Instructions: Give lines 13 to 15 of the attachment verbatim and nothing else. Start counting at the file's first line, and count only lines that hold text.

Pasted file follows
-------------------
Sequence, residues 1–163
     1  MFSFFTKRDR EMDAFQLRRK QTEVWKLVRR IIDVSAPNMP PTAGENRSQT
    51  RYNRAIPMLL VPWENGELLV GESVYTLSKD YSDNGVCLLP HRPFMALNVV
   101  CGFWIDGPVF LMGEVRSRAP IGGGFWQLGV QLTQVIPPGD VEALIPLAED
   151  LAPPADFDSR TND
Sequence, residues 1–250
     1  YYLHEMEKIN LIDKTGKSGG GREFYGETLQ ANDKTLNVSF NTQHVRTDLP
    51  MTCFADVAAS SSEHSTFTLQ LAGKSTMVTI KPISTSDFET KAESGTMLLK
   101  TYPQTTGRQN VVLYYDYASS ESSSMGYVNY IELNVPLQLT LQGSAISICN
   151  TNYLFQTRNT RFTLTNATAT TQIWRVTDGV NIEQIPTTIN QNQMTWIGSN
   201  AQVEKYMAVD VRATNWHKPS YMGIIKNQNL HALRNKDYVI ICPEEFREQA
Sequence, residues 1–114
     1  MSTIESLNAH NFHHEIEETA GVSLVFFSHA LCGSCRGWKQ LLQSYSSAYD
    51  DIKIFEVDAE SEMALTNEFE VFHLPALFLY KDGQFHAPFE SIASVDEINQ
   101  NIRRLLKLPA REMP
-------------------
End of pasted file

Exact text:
     1  MSTIESLNAH NFHHEIEETA GVSLVFFSHA LCGSCRGWKQ LLQSYSSAYD
    51  DIKIFEVDAE SEMALTNEFE VFHLPALFLY KDGQFHAPFE SIASVDEINQ
   101  NIRRLLKLPA REMP